Haitians have been unable to buy fuel on and off for months, as tankers sit in the Bay, bills unpaid.

    Haïti & her people continue to suffer daily.

    Caricom & others have fine words, especially after earthquakes, political violence & assassinations –
    But what can practically be done to effect lasting, sustainable change?
    It sure isn’t the Aid industry, decades have proven that – though they collectively could be an essential part of a proud national revival roadmap over the next couple of decades.

    When will Haitians be permitted free movement within Caricom? They remain marginalized by the ‘community’ with tough entry requirements and exorbitant work permit & visa fees.
    Let’s cut the rhetoric and take some positive family action Caricom and regional institutions!
    How much longer will we allow our consciences to be assuaged by lofty sentiments but little to no action?

    Haitians are the most resilient, creative, engaging people with a rich, proud heritage.
    They can lead, and we, their Caricom brothers & sisters, should offer practical, business & intellectual support to assist in developing their ideas & dreams through a clearly focused civil service that operates outside the political system, & an ever growing entrepreneurial & business sector, to develop what Haitians want for a modern, inclusive, fast-paced Haïti.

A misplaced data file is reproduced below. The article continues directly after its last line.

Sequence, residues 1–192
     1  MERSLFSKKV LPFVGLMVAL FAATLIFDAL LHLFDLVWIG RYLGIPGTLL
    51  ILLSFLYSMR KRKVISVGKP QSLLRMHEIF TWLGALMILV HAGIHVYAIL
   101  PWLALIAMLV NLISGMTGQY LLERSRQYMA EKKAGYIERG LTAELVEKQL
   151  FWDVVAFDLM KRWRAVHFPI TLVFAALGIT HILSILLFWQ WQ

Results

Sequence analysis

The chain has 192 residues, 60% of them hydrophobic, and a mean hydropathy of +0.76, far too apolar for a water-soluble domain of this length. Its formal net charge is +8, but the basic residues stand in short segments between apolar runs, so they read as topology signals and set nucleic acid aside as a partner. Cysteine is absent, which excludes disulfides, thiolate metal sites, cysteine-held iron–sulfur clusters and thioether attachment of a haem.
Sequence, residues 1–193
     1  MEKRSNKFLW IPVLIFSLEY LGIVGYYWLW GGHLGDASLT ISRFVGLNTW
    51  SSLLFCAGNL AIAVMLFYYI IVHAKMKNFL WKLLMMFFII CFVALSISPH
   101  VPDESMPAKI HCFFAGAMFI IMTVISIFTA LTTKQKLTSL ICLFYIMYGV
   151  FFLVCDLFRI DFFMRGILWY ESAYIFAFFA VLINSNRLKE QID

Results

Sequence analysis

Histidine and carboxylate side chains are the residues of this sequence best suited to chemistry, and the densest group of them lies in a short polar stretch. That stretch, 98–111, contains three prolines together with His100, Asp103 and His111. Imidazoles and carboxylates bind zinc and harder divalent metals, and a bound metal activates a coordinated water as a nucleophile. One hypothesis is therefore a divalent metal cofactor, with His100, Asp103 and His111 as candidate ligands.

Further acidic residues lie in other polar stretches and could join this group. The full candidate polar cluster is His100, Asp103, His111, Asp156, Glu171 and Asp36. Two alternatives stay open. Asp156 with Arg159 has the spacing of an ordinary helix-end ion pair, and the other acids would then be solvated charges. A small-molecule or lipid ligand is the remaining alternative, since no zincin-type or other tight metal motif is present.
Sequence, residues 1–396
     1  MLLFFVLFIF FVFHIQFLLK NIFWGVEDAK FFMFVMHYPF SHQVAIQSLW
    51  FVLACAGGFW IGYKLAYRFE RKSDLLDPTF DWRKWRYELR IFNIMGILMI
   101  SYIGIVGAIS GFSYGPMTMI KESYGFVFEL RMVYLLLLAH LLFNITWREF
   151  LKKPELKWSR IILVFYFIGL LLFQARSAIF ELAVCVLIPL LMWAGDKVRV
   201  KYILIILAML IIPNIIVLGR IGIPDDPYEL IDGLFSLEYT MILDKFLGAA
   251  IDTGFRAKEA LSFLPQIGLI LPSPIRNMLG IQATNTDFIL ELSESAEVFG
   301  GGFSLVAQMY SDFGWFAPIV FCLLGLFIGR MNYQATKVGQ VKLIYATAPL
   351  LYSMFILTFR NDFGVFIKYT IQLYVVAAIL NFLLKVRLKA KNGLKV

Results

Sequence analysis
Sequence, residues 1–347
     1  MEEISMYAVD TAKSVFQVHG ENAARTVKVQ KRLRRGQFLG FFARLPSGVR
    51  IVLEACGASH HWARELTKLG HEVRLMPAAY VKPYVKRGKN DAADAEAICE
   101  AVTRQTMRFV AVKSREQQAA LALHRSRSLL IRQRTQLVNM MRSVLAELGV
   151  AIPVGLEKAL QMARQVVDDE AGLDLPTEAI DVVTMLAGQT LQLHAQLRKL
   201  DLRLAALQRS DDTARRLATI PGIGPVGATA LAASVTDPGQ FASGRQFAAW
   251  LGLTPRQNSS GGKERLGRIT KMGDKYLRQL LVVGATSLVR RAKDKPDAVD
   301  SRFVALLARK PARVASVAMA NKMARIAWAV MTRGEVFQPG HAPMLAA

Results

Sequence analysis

We should ask the hundreds of thousands of Haitian diaspora to step up, support & build together rather than establishing individual power bases at home & in USA.

    This may seem impossible, 2+ centuries have passed to this point;
    Surely a 20-year plan is do-able with the spirit, tenacity & willingness of ALL sectors and classes in Haiti
    & with the active support in finance and actions from Caricom.

  2. The bottom line is that’s what can happen when you have a corrupt govt that only looks out for themselves and the people they are supposed to be representing like shit and financial slaves.

    That is more shameful when a govt does that to its people. The event is a result of the people not taking it anymore.

  3. One thought or two!
    The professor must continue “the latest dramatic reflection” to include the money struggle that determines the political power struggle. The sources of the money are varied and worldwide.
    BBC reported some Colombians were among those arrested. Were these Colombians agricultural scientists working with Haitians to help ‘the people’?
    The professor’s statement should be……….to be continued.

  4. With so many reports coming to light of oppression and authoritarianism (and if they are true) How can anyone sorry for what took place? Its about time these messages are sent to leaders around the world that people will get up and stand up for their rights. We elect them to govern in the interest of the masses and not use the office to enrich themselves through corrupted practices.